No, it’s not true. It is joked about though and unfortunately, that is probably where the misconception comes from.
What it really means is that you are maintaining your right to silence.
The right to silence is essentially the right not to answer questions put to you by the police. This right is still generally operative in Jersey and in that respect Jersey differs from some other jurisdictions such as England, where if you choose not to answer police questions, it can be the subject of negative inferences by a jury at a trial.
The right to silence arises from one of the basic tenets of our criminal law, which is that it is for the prosecution to prove the case against you.
You are reminded of this right to silence when you are arrested and cautioned because the caution used by the Jersey police is as follows: “You are not obliged to say anything unless you wish to do so, but what you say may be put into writing and given in evidence.”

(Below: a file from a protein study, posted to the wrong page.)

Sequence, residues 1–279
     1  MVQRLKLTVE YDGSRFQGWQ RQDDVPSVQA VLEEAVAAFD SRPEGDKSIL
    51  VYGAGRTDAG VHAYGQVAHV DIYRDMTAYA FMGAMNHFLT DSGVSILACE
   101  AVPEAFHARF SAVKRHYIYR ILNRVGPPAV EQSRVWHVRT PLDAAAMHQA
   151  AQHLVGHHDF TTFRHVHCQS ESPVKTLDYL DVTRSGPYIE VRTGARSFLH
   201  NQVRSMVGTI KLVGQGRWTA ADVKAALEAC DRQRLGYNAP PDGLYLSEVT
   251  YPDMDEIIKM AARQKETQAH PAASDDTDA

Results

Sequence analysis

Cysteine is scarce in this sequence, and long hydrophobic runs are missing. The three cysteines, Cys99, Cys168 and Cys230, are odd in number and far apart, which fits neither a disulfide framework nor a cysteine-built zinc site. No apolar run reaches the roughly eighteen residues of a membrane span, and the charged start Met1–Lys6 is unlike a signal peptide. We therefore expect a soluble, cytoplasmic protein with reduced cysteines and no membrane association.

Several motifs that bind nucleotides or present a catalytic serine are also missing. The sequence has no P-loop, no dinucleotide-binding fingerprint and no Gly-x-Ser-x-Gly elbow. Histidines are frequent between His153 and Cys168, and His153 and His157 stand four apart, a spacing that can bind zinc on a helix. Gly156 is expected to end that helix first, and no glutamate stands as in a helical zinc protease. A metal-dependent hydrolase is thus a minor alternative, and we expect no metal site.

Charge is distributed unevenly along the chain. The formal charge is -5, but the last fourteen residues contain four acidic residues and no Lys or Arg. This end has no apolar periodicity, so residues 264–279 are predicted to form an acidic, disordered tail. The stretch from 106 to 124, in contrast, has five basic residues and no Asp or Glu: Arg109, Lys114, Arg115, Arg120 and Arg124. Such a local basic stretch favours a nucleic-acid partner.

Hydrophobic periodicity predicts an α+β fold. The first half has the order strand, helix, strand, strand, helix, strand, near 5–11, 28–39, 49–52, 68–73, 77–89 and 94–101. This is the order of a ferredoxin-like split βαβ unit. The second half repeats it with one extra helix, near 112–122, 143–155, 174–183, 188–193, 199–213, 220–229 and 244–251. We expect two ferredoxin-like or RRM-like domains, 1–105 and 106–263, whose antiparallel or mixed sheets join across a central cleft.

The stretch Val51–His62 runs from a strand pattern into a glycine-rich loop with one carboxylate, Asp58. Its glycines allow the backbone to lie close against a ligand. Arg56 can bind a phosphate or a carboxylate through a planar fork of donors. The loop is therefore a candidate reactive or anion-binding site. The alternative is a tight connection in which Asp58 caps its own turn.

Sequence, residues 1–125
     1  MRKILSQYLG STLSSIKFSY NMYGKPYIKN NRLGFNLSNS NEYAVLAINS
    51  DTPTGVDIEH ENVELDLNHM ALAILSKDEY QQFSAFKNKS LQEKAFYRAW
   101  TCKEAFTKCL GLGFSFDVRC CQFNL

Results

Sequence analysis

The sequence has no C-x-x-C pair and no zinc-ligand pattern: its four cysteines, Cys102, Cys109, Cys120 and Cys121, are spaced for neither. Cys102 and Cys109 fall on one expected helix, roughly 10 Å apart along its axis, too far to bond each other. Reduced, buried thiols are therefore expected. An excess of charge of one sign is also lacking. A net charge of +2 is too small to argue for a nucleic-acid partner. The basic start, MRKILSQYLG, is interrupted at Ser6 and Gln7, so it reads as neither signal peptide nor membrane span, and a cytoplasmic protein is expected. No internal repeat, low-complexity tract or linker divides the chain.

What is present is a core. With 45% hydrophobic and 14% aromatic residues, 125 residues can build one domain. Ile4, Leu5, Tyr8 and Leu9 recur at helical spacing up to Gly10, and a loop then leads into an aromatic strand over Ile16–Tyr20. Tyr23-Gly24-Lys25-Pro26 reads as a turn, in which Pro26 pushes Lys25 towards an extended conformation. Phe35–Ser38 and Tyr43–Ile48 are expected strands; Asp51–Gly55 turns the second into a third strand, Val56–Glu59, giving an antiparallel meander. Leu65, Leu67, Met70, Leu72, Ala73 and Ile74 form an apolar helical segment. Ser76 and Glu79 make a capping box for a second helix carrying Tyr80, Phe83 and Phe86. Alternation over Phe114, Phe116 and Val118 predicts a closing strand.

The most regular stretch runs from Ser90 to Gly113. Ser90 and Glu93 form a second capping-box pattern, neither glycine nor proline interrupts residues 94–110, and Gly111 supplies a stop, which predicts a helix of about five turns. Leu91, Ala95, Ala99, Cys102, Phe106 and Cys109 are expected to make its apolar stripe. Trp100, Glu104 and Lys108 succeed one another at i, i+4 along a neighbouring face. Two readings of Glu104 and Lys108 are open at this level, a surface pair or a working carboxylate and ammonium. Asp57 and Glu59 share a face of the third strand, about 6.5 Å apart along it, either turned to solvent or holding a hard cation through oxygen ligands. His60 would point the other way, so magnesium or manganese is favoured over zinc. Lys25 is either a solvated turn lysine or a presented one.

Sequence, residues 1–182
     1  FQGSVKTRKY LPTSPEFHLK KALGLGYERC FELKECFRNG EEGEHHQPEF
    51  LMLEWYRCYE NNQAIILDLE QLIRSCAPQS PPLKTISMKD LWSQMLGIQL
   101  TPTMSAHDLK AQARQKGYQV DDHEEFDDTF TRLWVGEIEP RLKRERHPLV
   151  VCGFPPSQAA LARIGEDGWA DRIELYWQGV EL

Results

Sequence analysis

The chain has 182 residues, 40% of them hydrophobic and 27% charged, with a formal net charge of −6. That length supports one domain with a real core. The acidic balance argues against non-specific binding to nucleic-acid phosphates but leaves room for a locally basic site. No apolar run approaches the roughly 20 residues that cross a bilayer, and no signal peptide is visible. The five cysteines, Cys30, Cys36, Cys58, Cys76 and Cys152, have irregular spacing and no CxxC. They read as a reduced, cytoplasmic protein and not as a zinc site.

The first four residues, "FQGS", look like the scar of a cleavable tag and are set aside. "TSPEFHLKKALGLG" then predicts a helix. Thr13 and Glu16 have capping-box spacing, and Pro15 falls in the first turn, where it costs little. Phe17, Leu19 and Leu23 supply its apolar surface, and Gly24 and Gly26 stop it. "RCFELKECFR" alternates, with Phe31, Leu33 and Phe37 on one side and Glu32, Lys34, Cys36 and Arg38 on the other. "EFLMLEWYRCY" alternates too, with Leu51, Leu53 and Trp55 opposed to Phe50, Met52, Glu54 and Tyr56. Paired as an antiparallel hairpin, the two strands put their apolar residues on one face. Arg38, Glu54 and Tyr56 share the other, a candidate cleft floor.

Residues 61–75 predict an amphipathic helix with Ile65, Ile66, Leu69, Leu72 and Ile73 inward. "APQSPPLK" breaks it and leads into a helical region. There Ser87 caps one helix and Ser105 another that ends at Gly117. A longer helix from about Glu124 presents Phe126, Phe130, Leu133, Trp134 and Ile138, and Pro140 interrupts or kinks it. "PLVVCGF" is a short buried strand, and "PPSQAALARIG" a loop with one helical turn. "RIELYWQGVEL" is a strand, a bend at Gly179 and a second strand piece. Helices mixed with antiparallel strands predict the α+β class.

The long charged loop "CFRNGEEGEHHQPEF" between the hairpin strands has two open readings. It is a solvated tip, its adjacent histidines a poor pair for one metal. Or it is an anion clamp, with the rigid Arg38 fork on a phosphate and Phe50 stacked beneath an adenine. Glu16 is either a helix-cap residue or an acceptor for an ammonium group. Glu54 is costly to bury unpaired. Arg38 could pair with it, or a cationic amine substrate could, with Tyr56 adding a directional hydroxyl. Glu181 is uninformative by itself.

You should be re-cautioned when you are formally interviewed by the police, so that your right to silence is fresh in your mind.
Whether or not you should exercise your right to silence is something that you think about carefully, with the benefit of legal advice. Each case is individual and fact dependant and the aim should be to arrive at a decision which is best for you, in the particular circumstances of your case.
If you are facing the prospect of a police interview (or an interview by any other investigatory body) and you wish to discuss your rights, please give Rebecca Morley-Kirk a call on 630530.